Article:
The cultural Australian films to some have been classed as being `mundane‚(Australian National Cinema p141). Hotel Sorrento, in some aspects could be seen as being a `mundane‚ film. Tom O‚Regan explains that a film with a mundane element `is popular, aesthetically unexciting, even banal film, which although popular with domestic and international audiences do not seem especially meritorious and often a critical embarrassment.‚ (Australian National Cinema page 141.) Hotel Sorrento could be seen as being aesthetically unexciting and banal. This is due to the lack of action happening and its slow pace.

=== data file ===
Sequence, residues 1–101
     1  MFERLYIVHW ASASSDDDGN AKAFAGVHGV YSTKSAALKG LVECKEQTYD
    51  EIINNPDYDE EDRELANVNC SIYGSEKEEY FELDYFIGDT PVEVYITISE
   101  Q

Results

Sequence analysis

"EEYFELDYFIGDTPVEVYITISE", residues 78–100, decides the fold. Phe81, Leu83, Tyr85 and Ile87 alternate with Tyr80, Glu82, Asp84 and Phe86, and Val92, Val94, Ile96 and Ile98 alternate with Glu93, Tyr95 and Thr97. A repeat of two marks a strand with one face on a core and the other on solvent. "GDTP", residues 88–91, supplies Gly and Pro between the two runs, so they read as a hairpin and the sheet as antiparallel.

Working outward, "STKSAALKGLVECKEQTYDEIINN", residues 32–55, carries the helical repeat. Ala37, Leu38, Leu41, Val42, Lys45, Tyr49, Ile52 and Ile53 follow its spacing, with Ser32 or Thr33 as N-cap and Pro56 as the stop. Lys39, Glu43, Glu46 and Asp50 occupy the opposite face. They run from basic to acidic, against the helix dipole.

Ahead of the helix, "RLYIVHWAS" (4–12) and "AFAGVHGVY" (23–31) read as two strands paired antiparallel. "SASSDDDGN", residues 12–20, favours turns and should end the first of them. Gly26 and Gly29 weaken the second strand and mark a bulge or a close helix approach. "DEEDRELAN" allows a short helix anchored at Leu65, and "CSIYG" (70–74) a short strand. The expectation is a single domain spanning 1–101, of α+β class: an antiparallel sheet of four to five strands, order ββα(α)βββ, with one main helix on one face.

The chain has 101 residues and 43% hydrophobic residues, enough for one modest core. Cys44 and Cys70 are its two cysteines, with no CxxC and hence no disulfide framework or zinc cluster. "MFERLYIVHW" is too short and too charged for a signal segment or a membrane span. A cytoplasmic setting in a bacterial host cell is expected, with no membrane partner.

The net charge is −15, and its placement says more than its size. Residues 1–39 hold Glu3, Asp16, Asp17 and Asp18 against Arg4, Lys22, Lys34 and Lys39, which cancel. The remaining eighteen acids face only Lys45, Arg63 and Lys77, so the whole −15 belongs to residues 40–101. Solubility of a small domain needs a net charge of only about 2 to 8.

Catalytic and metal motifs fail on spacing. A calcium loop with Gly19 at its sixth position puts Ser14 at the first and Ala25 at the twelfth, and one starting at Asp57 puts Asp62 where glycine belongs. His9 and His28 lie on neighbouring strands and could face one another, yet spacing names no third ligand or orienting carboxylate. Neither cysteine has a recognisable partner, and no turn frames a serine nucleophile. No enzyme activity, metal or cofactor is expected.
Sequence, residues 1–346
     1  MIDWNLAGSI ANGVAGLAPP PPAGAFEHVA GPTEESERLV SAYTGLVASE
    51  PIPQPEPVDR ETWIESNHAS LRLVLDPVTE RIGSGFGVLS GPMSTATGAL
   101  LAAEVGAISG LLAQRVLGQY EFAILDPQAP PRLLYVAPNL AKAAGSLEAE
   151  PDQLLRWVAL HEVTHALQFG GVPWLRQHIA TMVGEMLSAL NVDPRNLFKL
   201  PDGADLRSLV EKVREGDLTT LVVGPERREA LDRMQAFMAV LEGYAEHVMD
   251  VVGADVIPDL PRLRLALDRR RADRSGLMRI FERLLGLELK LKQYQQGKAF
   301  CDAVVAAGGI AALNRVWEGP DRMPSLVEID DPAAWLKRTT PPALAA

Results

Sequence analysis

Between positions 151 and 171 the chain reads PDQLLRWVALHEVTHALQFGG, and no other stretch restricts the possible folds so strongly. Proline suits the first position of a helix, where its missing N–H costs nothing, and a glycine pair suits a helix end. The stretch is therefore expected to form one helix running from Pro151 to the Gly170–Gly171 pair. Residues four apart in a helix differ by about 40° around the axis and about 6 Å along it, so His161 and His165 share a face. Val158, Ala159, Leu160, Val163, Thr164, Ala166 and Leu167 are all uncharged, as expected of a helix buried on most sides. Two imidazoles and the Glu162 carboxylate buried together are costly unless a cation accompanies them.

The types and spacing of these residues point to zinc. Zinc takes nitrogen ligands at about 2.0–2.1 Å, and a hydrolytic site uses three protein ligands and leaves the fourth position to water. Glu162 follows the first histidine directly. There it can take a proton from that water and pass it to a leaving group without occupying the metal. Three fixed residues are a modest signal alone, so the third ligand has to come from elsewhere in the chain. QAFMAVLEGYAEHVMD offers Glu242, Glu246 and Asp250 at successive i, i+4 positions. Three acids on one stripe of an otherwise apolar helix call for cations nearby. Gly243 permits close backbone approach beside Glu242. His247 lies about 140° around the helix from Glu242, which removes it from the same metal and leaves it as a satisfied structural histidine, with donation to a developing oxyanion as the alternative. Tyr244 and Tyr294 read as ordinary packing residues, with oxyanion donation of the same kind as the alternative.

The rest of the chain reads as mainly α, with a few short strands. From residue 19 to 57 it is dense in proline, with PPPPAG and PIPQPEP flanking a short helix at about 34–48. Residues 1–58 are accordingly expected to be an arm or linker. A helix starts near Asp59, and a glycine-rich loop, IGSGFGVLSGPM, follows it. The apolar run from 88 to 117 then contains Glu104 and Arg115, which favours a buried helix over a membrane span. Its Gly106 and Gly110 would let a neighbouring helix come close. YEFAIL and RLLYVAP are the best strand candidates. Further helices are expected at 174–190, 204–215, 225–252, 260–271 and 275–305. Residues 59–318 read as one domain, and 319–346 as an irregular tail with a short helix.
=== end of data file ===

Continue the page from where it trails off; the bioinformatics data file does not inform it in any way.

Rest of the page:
Australian cinema, being a medium sized English language cinema, has many consequences. There are several aspects of medium sized English Language cinema that is represented through Hotel Sorrento. Being medium sized, import of films and of foreign people is prominent. This has caused influence from the major film industry such as Hollywood. Franklin, the director supports the US influence. „He argued that Australia was close to America culturally and that our film should acknowledge this, as too often they failed too. Instead they focused on the differences.š (O‚Regan, 1996, p101). Franklin does not try to hide the American aspects of the film. One of the characters, Pippa, has been working in the film and comes back to Australia to Americanise Australia a little bit more by setting up a sandwich Franchise with American style sandwiches. He prominently shows the effect that living in America has had on Pippa. Her accent is normal when she talks to her family but when someone from America rings up she puts on an American accent.